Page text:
The 2007 Best Firms to Work For: An Overview

In previous years, around 5,000 management consultants shared their opinions of their firms with us. The information was valuable and the competition stiff. But this year, it’s a whole new ball game: We heard from 9,000 professionals representing 190 firms. And each firm has a unique culture and model—as well as its own consultants willing to open up about what’s working and what’s not. With an 80 percent increase in the number of respondents this year over last, what we can glean about those in the industry—and the firms where they work—is all the more valuable. Although the sheer volume of the survey was radically different, the criteria we used for being considered a Best Firm to Work For wasn’t. Consultancies still needed to have at least 200 billable consultants to be considered, and firms with fewer than 25 survey responses were not eligible.

This year we’re thrilled to have newcomer firms to the competition—especially when they win. That’s the case with two of our top firms, North Highland and West Monroe. These consultancies weren’t even listed on our drop-down list on our Web survey based on last year’s participants.

But enough employees at those two companies wrote in to be heard—and it certainly caught our attention. Know that these are two firms to be reckoned with. North Highland ranked highest of all firms in retention, and West Monroe beat every other competitor on the frequency with which the firm meets client needs. North Highland employees also travel the least, which is little surprise given the firm’s travel-optional policy.

So with that many voices in the mix, what did we learn? Well, it came as no shock that Bain topped the list once again, despite the added competition this year. In fact, the firm came in first in every division. And to little surprise, The Boston Consulting Group and McKinsey round out the Top 3, but what industry insiders might find especially interesting about the latter firm is that McKinsey does more training than any other firm in the competition. We’ve outlined those figures as well as other key findings from the survey.

The charts you’ll see on this page and the next are based on both individual questions and composite scores in a variety of categories. Some interesting revelations: One of the keys to a great firm, by consultants’ results, is working a lot: Only two of the top 10 rate on the fewest hours in a workweek category. And always meeting client needs is a tall order that most consultants are realistic about. Most of the top-ranked firms only reported consistently meeting this goal about 60 percent of the time.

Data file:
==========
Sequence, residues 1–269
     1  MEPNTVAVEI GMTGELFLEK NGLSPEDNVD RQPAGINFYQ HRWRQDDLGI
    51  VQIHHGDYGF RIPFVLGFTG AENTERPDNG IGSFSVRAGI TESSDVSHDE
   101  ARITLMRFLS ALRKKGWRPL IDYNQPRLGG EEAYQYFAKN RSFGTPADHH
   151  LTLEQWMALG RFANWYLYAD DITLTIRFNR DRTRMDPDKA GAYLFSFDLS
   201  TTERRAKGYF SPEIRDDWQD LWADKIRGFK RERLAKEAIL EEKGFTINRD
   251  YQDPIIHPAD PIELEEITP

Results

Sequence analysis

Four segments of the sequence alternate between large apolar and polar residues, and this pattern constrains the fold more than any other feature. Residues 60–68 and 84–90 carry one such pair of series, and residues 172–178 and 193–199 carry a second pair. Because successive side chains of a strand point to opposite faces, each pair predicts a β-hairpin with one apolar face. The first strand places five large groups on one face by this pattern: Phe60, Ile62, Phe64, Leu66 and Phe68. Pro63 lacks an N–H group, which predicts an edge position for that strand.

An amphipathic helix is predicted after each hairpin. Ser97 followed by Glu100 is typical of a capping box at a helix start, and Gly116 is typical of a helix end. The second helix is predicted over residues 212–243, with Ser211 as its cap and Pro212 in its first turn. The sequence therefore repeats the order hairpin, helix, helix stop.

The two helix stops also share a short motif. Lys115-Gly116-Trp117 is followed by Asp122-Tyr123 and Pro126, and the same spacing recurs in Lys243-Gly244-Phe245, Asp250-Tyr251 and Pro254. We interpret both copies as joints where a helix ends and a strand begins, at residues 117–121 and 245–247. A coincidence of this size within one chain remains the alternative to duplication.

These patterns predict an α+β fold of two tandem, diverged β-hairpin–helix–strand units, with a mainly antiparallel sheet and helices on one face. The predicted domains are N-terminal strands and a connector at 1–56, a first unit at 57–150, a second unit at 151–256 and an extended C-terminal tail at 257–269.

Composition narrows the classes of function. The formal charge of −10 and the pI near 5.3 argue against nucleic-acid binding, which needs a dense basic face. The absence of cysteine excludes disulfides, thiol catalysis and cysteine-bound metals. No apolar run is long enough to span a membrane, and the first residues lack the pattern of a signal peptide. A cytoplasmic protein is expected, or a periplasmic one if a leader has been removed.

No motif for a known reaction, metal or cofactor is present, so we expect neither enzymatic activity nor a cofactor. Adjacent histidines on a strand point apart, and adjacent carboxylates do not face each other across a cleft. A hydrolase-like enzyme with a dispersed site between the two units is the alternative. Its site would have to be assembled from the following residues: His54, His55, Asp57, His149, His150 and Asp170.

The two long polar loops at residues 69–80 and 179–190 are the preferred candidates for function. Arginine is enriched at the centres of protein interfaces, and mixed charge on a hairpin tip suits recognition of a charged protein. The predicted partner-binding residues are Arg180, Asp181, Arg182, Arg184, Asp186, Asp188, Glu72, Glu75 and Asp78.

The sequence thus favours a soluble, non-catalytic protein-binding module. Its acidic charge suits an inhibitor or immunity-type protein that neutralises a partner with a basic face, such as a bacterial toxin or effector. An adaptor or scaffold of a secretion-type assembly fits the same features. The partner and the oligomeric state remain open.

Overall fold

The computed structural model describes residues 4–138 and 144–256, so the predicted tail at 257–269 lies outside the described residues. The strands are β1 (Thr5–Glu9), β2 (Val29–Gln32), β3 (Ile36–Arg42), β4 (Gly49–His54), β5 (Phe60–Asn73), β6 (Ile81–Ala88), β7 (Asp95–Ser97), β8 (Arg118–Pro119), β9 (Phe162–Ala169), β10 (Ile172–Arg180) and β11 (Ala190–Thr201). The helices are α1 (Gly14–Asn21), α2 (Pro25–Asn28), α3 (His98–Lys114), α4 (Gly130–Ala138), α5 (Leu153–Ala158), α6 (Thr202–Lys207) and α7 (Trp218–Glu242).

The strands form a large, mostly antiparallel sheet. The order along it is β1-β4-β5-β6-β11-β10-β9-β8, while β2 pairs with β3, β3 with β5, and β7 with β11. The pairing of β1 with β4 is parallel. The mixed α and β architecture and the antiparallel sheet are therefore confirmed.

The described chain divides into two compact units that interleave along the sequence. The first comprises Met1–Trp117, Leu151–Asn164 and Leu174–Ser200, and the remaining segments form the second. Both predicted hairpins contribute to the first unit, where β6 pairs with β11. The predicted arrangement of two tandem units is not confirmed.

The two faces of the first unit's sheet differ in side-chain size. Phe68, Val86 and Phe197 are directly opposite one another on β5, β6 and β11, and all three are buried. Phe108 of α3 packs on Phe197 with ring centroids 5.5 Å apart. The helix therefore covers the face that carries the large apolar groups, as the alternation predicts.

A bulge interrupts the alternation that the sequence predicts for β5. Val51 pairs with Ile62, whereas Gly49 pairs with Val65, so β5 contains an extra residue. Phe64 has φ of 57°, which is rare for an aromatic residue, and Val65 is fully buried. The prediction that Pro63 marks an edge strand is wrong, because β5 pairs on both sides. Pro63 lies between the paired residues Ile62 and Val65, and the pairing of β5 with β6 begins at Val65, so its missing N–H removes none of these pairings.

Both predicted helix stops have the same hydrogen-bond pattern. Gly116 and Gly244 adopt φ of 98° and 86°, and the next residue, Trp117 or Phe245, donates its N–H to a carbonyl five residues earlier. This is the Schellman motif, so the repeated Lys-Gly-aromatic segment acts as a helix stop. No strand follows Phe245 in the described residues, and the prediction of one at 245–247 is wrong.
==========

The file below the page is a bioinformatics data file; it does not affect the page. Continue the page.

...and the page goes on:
But numbers never tell the whole story. And while it’s neat and clean to rank firms objectively with hard figures, the more interesting nuances of a firm come to light in the area of the survey where consultants told us what they liked best—and what they would be most likely to warn someone else about—at their firm. And the honesty with which consultants treated the evaluation was compelling. One consultant said of his firm, “If you need rigid structure or lack the willingness to ‘do what it takes,’ no matter how tedious, then this is not the place for you.” Another said, “Can be an extremely conservative firm at times.” But the answers weren’t all foreboding; some consultants are unabashed cheerleaders for their firms, saying things like, “It’s a great place to work at!” “The people are amazing,” and “We have a lot of say in our work, and we have fun!”

So read on to learn about what makes our top firms tick. And whether you’re an employee, an alumnus or a prospective hire, you’re certain to have an opinion on the rankings, as well as on those companies whose names you don’t see here. We want this to be an ongoing dialogue, so please share your thoughts. Additionally, if you took the survey this year, thank you. We look forward to seeing your evaluations again in 2008.

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